In 2003, Methods & Tools published the article “ASP Tools for Software Development“, where ASP did not stand for Microsoft’s Active Server Pages, but for Application Service Providers. This was the “acronym of the day” for companies that were offering hosted software tools. Most of the companies mentioned in this article are still active today, but there is a new marketing label attached to their activity. The media prefer to speak about SaaS (Software as a Service) or give to this phenomenon the nickname “The Cloud”. Beyond the various names, there are some differences between the type of control you have on these external applications. SaaS is defined as a simple license for a specific hosted external application. The Cloud technological ambition is to have applications running on external virtual infrastructure while you keep the control about software and data. Other terms like “the grid” or “on-demand” are also associated to the idea of using software tools as a service instead of buying a product to achieve the same objectives.
Even if the concept remains to have software tools located outside your network, the market of hosted software development is evolving towards a broader range of tools offering. The historical market is still focused on project management or bug tracking functions, but the proposed services are now extended to all software development aspects. Amongst of the most recent initiatives for software development tools are the Amazon SimpleDB. It provides a simple web services interface to create and store multiple data sets. We are also transitioning from user-based fee model (x $/month by user) towards usage fees (x $ by gigabytes used). For its SimpleDB product, Amazon will bill you according to machine utilization, data transfer and data storage. The license and maintenance price of the owning a database software has disappeared, replaced by operating fees that varies according to your needs.
If the form of the software service changes, the issues faced when choosing a supplier remain the same. The first issue is reliability. It will be interesting to know how web sites and internal applications availability compare, but internet suppliers have learned to improve continuity of services with redundant and distributed points of production. Reliability can have a relative importance according to the function you are using. You can delay filling a project report from some hours, but not being able to access your customer database for one hour may cost your company a lot of money. The trust that you place on your supplier is important. In the Cloud market, some giants like Amazon or Google are stepping in the early moments of the technology to compete with a lot of start-ups. They should have a better position to attract larger companies thinking about making large investments in this technology. The notion of control and responsibilities is also important and could be considered from different viewpoints. Depending on your competencies, the problems you are facing and the quality of you supplier, you could be happy that they will deal with backups and performance…. or not. The capacity to evolve of the provided service and how you are able to influence it is also an aspect that you should consider, knowing also that in this area speed of change could have a impact on reliability.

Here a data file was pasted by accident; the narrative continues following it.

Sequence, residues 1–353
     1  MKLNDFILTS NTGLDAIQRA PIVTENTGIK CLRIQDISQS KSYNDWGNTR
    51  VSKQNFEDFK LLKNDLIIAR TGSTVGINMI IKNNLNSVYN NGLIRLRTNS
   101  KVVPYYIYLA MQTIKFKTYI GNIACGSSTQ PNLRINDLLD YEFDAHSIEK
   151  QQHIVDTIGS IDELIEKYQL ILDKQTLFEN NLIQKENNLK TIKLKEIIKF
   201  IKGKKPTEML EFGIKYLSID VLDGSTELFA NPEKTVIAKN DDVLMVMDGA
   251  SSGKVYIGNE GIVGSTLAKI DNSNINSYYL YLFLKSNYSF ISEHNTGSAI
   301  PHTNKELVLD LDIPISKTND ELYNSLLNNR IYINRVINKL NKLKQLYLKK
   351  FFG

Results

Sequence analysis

How will this change the life of software developers? I think that the main impact of service-based software development will be on architecture. Modularization has been here for a long time, but there is still a large tendency for coders to mix every aspects of the application (interface, logic, data access) in the same program. Having to deal with exterior services should put more pressure on a better separation of functionalities. This will also change the way you consider deployment. Instead of having to deal with internal operation guys, you will talk to a guy from Amazon or Google. Will he be nicer? I don’t know, but sometimes I know it will not be very difficult, as for some infrastructure people it seems that the operating system should be the only software that they want to run on their hardware ;o) The “virtuality” of Cloud computing bring the promise to solve all scalability and performance problems. I admit being skeptic about this claim. There have always been performance problems when developing applications. Even with the best infrastructure, you cannot prevent developers from making bad performance choices. Will we have the tools to monitor the Cloud? One positive aspect is that people developing for the Cloud should be able to have the same testing environment than the production environment. Many of us have suffered the fact that setting a testing environment seems to be difficult for the infrastructure guys. Testing in a slightly different software infrastructure could often create bad surprises when the application is transferred in the real production environment. This could also change the way we adopt software. Will enterprise that supply Cloud services offer free accounts where you can try their services as you can try software on your PC? Finally, the Cloud approach will increase the shift towards the user for the responsibility of estimating the budget for running applications. All operating costs could now be more clearly defined and related directly towards user activity and application scope.
Most suppliers promise that the Cloud solutions work with current technologies and require only small adaptations to run on their infrastructure versus internal servers. This mean that changes in the programming part could be minimal. This new technology should however favor the launch of Web start-ups that need scalable infrastructure and variable costs for their new applications. Thus the main change for software developers could be the availability of more interesting jobs.